8 Ways Ballroom Dance Can Improve Your Physical Health

In Motion Ballroom believes in the ability of dance to transform your life in many ways. Perhaps one of the most valuable benefits of dance, however, is the positive impact on your health. Dancing is beneficial to all areas of wellness (physical, emotional, social, mental, etc.), and we’re happy to be a part of your wellness journey. Keep reading to learn some of the ways that ballroom dancing benefits your physical health!

1. Build Heart Health

Dancing regularly can have a major impact on your cardiovascular health. Your heart, like any muscle, grows stronger when you exercise it! A 2014 study, conducted in the United Kingdom by Australian researchers, examined the connection between dancing and improved heart health; researchers concluded that regular dancing can reduce your chances of dying from heart disease by 46 percent! Studies have also shown that dancing can be better for improving heart health than fast-walking. The American Heart Association recommends dancing as exercise and even conducted a study of elderly patients (who had previously experienced heart failure) that demonstrated increased oxygen levels as well as other cardiac benefits after participating in ballroom dance classes. Dancing is the perfect low-impact exercise that can be modified to fit any skill level!

For those looking for a more intense form of exercise, your dancing can be pushed to a higher level rather quickly with one-on-one attention from your instructor. Short blasts of high-energy activity mixed with small rest periods raises and lowers your heart rate in an interval fashion. Commonly known as HIIT, interval training helps to develop at maintain a healthy heart. Dancing is a great way to practice interval training (customized to your abilities) without really feeling like you’re working out!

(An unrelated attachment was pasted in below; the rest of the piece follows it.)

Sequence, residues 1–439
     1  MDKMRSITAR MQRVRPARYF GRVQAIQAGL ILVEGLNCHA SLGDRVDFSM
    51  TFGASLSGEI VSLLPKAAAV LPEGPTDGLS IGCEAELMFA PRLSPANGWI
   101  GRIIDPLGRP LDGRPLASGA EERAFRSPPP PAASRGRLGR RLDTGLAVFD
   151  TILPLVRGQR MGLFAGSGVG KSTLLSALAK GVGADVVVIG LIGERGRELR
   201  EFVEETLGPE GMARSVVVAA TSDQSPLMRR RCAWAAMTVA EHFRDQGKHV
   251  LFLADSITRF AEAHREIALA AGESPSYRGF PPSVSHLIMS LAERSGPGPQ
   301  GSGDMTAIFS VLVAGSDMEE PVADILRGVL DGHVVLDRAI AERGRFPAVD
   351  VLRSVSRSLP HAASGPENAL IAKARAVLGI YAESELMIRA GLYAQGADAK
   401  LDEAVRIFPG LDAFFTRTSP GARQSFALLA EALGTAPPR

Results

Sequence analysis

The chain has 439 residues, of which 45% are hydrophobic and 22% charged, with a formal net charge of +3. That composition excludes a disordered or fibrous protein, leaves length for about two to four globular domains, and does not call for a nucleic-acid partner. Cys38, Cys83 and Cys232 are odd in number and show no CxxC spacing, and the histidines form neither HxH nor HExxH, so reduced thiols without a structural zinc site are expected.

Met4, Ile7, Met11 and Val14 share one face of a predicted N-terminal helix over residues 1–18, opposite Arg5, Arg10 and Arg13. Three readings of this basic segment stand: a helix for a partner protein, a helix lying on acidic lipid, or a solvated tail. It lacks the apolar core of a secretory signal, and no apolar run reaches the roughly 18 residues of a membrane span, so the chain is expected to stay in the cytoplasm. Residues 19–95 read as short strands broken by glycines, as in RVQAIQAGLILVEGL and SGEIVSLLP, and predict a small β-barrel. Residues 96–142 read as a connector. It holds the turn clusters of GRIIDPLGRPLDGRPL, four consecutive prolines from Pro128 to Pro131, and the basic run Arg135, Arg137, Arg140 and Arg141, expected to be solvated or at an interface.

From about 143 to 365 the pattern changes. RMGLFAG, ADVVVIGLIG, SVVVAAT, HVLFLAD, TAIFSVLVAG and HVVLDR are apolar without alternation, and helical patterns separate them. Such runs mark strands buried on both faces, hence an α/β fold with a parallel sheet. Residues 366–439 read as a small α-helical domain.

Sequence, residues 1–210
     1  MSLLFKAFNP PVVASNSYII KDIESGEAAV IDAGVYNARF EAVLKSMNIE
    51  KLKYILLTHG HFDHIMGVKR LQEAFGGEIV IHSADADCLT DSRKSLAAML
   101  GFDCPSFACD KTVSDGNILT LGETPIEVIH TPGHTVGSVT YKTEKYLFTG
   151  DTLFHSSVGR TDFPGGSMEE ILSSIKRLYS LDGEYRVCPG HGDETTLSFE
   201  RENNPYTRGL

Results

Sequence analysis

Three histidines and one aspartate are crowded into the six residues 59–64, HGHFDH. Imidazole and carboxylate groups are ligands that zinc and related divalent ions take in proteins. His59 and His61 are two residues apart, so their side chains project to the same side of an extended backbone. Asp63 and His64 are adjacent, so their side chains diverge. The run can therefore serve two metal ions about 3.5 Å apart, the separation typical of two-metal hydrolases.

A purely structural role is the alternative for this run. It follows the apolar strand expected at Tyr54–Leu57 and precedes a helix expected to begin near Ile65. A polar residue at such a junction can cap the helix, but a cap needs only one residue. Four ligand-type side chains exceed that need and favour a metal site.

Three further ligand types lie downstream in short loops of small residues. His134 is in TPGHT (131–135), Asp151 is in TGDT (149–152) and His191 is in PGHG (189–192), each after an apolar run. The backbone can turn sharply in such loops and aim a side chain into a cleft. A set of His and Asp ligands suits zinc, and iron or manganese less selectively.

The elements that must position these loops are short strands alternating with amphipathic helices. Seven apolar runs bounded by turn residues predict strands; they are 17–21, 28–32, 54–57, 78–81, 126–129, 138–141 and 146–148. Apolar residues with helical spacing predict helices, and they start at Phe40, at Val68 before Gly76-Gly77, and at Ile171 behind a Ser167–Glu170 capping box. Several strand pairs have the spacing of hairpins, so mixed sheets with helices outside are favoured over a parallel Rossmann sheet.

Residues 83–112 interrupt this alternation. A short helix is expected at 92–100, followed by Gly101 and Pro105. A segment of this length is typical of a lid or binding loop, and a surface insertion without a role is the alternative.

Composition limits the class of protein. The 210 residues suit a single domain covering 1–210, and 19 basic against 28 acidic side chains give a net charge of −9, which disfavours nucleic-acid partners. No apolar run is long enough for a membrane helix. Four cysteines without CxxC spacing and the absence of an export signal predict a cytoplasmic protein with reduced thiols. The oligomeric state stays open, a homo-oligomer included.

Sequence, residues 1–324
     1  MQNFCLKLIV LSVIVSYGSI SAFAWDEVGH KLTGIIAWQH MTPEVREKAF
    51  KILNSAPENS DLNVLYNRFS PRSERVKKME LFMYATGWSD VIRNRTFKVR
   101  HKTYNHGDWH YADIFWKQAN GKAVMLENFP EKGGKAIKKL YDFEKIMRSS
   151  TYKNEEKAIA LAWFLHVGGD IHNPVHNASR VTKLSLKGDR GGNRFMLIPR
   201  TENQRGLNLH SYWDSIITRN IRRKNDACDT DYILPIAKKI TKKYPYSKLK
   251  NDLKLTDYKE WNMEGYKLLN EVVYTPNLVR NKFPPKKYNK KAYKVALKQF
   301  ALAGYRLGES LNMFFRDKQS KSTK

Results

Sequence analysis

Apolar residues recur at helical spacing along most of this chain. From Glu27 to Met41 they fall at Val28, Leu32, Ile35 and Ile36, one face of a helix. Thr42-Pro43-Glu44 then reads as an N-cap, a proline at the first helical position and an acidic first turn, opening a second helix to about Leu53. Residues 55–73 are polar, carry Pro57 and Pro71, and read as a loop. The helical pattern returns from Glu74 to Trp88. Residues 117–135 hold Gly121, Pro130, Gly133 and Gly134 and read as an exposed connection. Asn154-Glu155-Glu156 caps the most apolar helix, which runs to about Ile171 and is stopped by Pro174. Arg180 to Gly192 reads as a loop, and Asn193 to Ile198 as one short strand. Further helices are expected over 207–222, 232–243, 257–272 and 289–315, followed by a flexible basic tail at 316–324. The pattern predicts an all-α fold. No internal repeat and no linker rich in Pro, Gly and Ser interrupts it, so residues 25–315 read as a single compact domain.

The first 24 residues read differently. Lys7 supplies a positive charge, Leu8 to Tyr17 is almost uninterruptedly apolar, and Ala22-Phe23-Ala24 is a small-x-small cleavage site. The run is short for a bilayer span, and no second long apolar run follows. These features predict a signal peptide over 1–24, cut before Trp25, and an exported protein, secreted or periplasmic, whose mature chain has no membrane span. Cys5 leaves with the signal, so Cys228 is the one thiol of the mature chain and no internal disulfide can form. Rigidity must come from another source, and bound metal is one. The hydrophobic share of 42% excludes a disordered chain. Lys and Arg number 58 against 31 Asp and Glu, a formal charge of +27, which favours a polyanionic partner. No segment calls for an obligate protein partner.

2. Improve Balance & Coordination

Unlike standard weight training and cardio exercise like running or biking, dancing involves a higher degree of precision and muscle control, which allows active dancers to improve the finer aspects of motor control. Many new dancers (once they get past the initial stages of memorizing the basics!) experience a significant increase in their balance as well as improved coordination. Many of our students in their golden years enjoy ballroom dancing not only as a fun activity, but also as a way to promote muscle control and stability.

3. Weight Management

Ballroom dance can be a light, low-impact activity or an intense aerobic exercise that increases your heart rate and uses a variety of muscles in the body. Ballroom dance has been shown to lower blood pressure, promote cardiovascular health, and strengthen muscles. As a weight-bearing exercise, dance can improve your posture and strengthen your bones and joints over time. Also, depending on the dances you are practicing and the level at which you are performing, you could burn 200-500 calories per session!